Attorneys for State: R. Christopher Almy, District Attorney C. Daniel Wood, Asst. Dist. Atty. 97 Hammond Street Bangor, ME 04401 Attorney for defendant: Nolan H. Tanous. Esq. Law Offices of Tanous and Snow P O Box 789 Millinocket, ME 04462-0789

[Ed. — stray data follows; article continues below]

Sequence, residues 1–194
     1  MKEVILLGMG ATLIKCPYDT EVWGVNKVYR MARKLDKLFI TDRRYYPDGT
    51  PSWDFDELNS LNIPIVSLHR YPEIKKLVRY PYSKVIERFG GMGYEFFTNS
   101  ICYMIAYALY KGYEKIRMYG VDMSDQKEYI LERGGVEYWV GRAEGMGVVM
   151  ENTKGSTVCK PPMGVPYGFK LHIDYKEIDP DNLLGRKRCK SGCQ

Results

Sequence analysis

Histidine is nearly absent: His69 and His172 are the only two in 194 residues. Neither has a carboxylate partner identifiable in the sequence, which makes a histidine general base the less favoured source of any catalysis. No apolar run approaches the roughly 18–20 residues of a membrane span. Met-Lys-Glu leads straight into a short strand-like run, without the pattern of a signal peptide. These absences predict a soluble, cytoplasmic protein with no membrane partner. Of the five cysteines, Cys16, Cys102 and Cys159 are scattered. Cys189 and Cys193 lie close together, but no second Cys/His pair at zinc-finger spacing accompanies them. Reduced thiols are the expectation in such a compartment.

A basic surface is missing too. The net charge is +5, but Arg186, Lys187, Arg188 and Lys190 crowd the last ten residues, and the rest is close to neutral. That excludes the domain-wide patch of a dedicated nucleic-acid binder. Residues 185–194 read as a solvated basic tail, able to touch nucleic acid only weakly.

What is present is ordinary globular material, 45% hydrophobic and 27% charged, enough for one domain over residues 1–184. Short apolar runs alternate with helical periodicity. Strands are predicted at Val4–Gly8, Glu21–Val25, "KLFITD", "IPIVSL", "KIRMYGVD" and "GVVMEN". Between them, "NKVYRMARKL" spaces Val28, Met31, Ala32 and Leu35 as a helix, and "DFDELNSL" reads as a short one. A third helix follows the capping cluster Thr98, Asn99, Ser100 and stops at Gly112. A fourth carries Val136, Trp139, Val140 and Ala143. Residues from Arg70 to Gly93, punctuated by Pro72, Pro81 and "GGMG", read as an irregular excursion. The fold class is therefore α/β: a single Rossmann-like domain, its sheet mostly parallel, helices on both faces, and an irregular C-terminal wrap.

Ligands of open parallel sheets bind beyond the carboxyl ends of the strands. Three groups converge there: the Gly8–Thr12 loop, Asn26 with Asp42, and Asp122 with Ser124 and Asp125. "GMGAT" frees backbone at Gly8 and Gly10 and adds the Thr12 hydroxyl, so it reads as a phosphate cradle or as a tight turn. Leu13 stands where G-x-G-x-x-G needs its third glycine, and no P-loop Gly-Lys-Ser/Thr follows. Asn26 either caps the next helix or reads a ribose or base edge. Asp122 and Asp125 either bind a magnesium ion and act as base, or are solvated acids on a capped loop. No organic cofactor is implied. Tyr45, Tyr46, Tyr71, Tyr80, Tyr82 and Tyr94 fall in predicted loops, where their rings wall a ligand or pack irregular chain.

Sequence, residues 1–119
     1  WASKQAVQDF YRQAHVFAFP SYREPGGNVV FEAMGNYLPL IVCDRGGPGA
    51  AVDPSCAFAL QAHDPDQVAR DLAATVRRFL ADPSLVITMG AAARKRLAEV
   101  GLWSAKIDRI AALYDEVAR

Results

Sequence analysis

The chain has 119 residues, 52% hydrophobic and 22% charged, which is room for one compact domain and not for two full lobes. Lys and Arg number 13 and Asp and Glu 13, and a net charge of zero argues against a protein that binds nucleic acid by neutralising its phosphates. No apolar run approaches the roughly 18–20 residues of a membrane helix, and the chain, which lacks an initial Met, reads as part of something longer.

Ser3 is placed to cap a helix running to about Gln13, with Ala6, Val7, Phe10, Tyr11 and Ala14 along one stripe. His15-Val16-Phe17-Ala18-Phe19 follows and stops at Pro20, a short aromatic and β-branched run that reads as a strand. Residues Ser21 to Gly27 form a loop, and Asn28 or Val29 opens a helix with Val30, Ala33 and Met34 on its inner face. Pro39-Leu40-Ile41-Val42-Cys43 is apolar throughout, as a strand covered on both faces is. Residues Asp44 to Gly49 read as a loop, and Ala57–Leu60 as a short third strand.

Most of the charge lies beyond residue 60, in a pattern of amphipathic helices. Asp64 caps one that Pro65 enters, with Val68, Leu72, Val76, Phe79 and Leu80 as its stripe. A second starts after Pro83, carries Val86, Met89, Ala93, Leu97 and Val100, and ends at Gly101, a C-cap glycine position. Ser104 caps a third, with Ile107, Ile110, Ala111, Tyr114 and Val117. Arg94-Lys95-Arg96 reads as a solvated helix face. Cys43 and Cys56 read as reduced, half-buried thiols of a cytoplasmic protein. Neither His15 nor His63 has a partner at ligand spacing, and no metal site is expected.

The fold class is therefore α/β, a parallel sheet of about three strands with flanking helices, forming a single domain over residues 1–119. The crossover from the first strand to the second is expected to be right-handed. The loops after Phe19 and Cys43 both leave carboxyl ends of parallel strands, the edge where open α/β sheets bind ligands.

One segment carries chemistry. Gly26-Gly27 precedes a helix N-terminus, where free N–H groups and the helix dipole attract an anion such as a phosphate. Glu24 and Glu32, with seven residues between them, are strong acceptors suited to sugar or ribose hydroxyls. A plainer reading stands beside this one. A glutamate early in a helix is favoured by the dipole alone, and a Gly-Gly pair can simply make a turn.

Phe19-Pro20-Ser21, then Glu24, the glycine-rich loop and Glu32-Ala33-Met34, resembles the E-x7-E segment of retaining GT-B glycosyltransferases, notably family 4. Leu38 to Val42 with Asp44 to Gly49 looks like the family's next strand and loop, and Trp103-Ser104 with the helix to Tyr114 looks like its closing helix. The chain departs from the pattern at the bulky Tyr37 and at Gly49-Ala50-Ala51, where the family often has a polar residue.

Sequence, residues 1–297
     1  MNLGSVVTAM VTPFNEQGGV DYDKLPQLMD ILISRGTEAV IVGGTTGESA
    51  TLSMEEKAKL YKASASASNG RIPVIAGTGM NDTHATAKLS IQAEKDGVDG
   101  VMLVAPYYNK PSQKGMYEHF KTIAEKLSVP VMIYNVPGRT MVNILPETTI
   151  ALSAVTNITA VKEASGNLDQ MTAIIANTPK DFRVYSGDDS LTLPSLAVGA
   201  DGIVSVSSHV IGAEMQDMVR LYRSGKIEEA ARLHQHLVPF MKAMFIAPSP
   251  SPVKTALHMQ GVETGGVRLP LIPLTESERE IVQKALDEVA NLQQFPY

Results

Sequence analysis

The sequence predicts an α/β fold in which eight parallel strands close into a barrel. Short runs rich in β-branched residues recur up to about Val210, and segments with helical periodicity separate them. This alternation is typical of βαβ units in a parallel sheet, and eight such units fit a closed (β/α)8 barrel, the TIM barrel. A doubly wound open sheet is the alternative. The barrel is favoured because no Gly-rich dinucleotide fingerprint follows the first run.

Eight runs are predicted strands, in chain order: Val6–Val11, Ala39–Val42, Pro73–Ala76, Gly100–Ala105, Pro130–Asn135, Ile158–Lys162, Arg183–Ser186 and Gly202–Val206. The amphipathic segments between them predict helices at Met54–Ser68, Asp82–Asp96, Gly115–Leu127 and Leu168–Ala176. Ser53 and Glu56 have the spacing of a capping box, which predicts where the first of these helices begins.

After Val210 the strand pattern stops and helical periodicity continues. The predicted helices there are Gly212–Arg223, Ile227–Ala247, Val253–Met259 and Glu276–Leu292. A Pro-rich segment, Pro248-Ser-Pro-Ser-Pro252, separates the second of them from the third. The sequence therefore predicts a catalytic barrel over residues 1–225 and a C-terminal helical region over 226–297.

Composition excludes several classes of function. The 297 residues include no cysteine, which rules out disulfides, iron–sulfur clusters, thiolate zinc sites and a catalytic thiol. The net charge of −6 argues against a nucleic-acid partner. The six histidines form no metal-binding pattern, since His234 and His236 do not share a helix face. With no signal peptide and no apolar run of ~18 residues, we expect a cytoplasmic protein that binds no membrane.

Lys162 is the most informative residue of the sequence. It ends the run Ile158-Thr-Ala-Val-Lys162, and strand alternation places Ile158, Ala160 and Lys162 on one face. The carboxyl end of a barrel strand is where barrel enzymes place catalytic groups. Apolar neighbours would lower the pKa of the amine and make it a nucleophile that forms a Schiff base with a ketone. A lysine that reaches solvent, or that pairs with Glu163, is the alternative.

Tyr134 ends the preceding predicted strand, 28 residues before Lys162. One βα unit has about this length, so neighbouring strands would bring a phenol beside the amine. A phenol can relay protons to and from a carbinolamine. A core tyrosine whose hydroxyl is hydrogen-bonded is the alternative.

FOOTNOTES******************************** {1} 29-A M.R.S.A. § 2411 provides in part: 1. Offense. A person commits OUI, which is a Class D crime unless otherwise provided, if that person operates a motor vehicle: A. While under the influence of intoxicants; or B. While having a blood-alcohol level of 0.08% or more. {2} At the suppression hearing the State contended that a seizure did not take place when Officer Jamo questioned Brown but only when Brown was asked to get out of the car. The test of whether there has been a seizure as set forth in United States v. Mendenhall, 446 U.S. 544 (1980), is whether a reasonable person would have believed he was not free to leave. Some courts have held that an officer who walks up to a person who is seated in a vehicle located in a public place has not made a "seizure" implicating the Fourth Amendment. See United States v. Dockter, 58 F.3d 1284, 1287 (8th Cir. 1995) (no seizure when police car pulled up behind parked car on side of road and activated his amber warning lights); People v. Ocasio, 652 N.E.2d 907, 908 (N.Y. 1995) (no seizure when approach of car at a stoplight and defendant was at no time prevented from departing); State v. Glaesman, 545 N.W.2d 178, 182 (N.D. 1996) (no seizure when police officer walked up to a parked pickup and then, when driver opened door, smelled alcohol); Cf. State v. Burgess, 657 A.2d 202, 203 (Vt. 1995) (conduct of the police in displaying blue lights after pulling in behind defendant's vehicle constituted a "stop," as defendant did not feel free to leave). In this appeal, however, the State does not challenge the trial court's conclusion that the Fourth Amendment was "implicated" on the initial questioning of Brown and we assume that the intrusion implicated the Fourth Amendment to the United States Constitution. {3} 29-A M.R.S.A. § 2112 (1996) provides in part: 2. Violation; penalty. A person who drinks alcohol while operating a motor vehicle on a public way commits a traffic violation for which a forfeiture not to exceed $500 may be adjudged.